Giuliani aide: Who knows if boss would have attended machine-gun fundraiser
For only $25, Republican party members attending a Manchester, New Hampshire, fundraiser scheduled for next month will get to spend the day on a firing range with some heavy-duty fire power, using some of the same machine guns as US troops fighting in Iraq.
The organizer for the August 5 "Machine Gun Shoot" told Reuters that it would be "a family day" event, while the Manchester Democratic party chairman believes it is "downright offensive." But despite Manchester Republican Committee chairman Jerry Thibodeau's best efforts, no 2008 GOP presidential candidates will be in attendance.
However, the campaign of one of the most pro-gun control Republican candidates left open the possibility that Rudy Giuliani might have attended the fundraiser, had its date not conflicted with a presidential candidates' debate in Iowa. ABC News is hosting a debate among all nine Republican candidates in Des Moines.
"Who knows what would've happened if it hadn't been for a scheduling conflict," Jeff Barker, a spokesman for the former New York mayor told RAW STORY.
Thibodeau lamented to the Union Leader that he "really tried to get Rudy Giuliani there...[b]ecause I'll tell you, this is a guy that can't relax."
Barker told RAW STORY the Giuliani campaign turned down the invitation because of the date conflict, and not because of its gun-centered theme. He noted Giuliani has participated in fundraisers with other state and local parties, including a fundraiser for the Michigan state GOP just a couple weeks ago.
It would be "hard to say" whether Giuliani, a longtime proponent of gun control, would participate in the fundraiser if it were held on a different day, Barker said.
While mayor of New York City, Giuliani lobbied for the federal assault weapons ban, which banned many types of semi-automatic weapons, such as the AR-15 and Uzi.
The ban, signed into law in 1994 despite been opposed by the country's largest gun lobbying group, the National Rifle Association, expired a decade later due to a sunset provision, but the Class III fully automatic weapons to be used at the fundraiser still can only be possessed by specially licensed dealers and collectors under older gun-control laws.
Recently, though, Giuliani has begun to modify his views on gun control as he seeks the 2008 nomination, telling audiences and interviewers that the gun control measures he strongly supported as a means of fighting crime in New York City during his tenure may not be appropriate for other areas of the country.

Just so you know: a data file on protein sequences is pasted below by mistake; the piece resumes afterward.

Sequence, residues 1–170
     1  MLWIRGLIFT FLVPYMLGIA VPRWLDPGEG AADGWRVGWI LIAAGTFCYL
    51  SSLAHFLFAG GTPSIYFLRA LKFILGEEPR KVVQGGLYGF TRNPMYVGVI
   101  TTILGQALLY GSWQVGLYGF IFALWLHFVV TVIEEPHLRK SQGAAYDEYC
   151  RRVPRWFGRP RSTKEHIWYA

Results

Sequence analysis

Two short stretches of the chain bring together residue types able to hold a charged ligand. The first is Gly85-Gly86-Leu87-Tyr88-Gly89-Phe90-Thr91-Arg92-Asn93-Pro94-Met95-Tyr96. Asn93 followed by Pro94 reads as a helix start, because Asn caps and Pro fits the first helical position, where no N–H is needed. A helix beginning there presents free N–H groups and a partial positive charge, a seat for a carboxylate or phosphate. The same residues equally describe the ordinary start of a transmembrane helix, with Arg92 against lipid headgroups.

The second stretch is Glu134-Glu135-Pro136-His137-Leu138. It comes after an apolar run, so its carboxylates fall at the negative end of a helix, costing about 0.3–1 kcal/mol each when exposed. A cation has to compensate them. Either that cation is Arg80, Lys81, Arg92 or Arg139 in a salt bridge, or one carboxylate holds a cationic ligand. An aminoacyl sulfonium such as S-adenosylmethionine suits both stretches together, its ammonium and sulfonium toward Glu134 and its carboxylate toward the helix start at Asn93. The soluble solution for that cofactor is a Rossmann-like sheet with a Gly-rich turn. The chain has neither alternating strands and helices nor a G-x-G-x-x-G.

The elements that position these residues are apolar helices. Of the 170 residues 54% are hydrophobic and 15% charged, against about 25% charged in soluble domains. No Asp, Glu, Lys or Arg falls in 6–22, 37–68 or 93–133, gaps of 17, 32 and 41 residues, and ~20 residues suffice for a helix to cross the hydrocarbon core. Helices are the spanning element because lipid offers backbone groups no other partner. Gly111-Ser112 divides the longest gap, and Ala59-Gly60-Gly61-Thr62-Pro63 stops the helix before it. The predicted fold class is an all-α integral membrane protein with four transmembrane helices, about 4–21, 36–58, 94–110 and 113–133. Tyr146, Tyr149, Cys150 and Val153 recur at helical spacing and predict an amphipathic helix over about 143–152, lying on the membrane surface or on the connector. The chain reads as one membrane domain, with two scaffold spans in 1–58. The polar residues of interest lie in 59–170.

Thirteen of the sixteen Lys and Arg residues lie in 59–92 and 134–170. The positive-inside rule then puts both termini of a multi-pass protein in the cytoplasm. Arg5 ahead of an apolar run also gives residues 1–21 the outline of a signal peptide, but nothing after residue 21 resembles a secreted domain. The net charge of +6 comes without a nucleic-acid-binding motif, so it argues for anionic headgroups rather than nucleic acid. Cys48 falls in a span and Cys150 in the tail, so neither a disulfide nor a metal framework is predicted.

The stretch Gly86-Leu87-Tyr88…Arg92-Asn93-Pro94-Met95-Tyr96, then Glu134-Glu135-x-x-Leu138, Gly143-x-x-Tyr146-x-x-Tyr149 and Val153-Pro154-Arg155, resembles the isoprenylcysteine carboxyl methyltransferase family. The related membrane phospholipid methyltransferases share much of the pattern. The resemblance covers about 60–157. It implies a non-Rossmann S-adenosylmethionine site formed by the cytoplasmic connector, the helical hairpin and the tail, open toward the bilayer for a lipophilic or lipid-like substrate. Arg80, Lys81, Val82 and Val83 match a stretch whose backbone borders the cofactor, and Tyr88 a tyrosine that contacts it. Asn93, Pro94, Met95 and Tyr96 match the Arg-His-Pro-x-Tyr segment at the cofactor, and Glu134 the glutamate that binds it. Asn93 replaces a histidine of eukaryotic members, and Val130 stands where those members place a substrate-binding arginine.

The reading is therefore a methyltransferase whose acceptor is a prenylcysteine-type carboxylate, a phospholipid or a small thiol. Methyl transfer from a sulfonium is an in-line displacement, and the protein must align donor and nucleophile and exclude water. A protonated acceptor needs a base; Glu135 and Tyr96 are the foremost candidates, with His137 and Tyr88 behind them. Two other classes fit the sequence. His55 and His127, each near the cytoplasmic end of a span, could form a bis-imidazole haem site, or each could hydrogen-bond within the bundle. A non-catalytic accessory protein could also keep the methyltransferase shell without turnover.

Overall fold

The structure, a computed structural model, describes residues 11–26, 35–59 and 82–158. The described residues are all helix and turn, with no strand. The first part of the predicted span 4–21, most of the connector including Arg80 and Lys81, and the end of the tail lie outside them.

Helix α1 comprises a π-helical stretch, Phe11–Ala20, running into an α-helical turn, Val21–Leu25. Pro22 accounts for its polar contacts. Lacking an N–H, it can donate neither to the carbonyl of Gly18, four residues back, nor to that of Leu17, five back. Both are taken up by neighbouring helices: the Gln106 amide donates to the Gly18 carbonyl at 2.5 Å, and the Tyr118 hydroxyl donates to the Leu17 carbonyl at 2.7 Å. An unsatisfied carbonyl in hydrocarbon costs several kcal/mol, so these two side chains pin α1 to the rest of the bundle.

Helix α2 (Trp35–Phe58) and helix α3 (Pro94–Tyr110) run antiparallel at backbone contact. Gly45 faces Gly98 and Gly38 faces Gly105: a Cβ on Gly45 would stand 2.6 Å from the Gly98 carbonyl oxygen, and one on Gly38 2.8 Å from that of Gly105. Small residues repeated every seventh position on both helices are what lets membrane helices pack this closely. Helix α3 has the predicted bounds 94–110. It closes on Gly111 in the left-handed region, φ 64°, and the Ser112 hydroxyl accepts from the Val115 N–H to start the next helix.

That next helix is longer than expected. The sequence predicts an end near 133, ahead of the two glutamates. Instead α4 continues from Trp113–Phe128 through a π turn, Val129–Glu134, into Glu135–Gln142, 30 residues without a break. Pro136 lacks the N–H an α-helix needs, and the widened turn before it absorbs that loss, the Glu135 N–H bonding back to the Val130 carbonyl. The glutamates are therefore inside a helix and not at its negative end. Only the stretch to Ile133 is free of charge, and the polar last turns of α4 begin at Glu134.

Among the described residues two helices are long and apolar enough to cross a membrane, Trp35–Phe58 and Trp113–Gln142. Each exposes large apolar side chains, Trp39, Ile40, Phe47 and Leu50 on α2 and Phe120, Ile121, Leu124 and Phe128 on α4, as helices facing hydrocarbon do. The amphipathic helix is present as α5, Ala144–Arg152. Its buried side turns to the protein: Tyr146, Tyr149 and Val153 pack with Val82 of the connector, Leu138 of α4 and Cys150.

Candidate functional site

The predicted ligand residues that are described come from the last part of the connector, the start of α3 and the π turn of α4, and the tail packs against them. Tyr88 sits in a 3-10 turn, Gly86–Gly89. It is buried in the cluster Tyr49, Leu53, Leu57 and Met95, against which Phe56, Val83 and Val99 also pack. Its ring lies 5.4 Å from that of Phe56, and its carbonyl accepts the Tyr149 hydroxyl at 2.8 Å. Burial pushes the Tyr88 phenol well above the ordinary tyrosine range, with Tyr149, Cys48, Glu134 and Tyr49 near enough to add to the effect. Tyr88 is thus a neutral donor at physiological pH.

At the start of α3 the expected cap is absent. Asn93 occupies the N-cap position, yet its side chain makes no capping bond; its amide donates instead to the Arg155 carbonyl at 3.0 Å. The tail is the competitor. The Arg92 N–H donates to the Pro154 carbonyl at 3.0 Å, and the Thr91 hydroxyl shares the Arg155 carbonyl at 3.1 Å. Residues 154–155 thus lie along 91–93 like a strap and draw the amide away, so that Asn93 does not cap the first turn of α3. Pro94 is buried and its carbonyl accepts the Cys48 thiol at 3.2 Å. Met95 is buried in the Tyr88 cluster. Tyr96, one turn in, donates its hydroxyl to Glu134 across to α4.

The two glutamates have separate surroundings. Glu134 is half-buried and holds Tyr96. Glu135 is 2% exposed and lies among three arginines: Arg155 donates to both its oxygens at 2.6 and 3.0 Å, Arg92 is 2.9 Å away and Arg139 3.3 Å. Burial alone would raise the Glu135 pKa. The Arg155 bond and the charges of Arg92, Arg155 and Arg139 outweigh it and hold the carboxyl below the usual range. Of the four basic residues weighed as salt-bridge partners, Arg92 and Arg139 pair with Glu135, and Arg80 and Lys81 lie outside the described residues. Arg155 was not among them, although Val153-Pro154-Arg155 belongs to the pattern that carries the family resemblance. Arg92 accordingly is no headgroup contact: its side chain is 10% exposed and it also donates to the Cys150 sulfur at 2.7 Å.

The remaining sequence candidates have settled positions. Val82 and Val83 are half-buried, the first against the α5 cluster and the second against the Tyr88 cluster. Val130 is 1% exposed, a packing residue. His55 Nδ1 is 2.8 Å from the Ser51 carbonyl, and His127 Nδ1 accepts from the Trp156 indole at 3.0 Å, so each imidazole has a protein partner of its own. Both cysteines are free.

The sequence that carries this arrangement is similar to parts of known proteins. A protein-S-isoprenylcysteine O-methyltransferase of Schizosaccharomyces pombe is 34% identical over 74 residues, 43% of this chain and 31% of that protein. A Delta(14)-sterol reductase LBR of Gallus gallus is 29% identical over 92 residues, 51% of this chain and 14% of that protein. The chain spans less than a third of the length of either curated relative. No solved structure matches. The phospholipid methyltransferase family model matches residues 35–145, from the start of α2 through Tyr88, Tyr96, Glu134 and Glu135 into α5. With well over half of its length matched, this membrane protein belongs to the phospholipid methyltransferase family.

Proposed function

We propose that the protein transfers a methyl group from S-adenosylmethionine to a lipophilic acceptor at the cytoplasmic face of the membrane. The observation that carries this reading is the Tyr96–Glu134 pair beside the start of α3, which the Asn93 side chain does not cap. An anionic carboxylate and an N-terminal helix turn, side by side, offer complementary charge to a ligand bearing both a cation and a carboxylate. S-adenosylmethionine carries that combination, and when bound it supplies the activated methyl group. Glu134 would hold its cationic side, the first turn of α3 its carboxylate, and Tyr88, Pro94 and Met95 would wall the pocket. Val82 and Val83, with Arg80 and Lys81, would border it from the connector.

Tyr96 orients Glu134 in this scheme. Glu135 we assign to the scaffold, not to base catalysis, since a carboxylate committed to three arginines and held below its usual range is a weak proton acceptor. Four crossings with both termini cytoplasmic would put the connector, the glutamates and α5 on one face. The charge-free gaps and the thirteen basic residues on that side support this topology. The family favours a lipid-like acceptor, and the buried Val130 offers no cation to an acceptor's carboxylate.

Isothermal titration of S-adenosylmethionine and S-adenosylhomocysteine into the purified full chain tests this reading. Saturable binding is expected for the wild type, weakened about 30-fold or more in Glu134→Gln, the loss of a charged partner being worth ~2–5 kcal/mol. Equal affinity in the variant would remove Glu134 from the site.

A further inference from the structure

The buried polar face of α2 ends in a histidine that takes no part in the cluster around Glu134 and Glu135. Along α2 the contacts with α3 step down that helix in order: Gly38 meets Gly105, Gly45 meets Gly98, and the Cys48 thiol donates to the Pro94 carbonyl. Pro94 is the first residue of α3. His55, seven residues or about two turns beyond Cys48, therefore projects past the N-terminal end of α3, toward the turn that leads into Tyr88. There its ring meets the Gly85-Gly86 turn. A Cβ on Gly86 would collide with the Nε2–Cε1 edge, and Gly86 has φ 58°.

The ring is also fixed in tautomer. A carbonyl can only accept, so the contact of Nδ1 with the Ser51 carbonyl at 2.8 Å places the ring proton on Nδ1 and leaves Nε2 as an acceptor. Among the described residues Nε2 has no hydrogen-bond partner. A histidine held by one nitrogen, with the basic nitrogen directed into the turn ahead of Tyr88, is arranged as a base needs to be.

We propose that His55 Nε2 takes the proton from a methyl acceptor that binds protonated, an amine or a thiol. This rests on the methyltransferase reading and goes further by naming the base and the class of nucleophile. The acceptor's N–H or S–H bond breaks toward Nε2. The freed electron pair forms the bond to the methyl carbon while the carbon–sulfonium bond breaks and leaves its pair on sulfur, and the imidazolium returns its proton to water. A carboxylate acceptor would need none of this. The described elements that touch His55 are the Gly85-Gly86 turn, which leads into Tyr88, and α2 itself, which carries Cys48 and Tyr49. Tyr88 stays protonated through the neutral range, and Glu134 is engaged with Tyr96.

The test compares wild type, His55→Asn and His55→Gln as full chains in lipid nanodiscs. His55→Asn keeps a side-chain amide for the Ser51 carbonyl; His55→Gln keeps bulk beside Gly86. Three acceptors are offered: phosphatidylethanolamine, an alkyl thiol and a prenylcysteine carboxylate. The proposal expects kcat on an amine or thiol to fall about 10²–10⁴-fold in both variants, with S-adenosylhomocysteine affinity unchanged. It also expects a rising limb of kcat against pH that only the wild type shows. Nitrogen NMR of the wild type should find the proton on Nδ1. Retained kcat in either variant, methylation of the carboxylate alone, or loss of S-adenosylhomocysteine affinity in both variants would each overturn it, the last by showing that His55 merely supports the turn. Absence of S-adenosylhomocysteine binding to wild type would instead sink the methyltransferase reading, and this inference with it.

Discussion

Giuliani reaffirmed his support for the 1994 assault weapons ban in an interview with Sean Hanity earlier this year. But, he told the Fox News host, "I understand the Second Amendment. I support it. People have the right to bear arms."
New Hampshire Republican supporters -- who would be voters in the nation's first primary -- will have the opportunity to fire several types of submachine guns, such as Uzis, and rifles including the M-16 used by US troops in Iraq.
Organizers of the Machine Gun Shoot are asking for a $25 donation to fire the guns, rentals of which will be available on site. Tickets to observe the event are $10.
The fundraiser prompted criticism from the city's Democratic party chairman, Chris Pappas, who said was "not just in bad taste; it is downright offensive."
"The citizens of Manchester have lived through a deadly spike in violent crime in the past year-and-a-half," Pappas told the Union Leader.
Most of the comments on the Union Leader's story supported the idea, but a few suggested the candidates are wise to stay away.
"What are the Republicans in this state THINKING? Are they so desparate [sic] for money or attention that they would resort to an activity that would resound with only their most extreme right fringe?" asks Jon Marion of Manchester. "If this is their attempt is to attract supporters, it is very misguided. Haven't they even looked or reflected at the disastrous results of last November's elections. This is a big step in the wrong direction."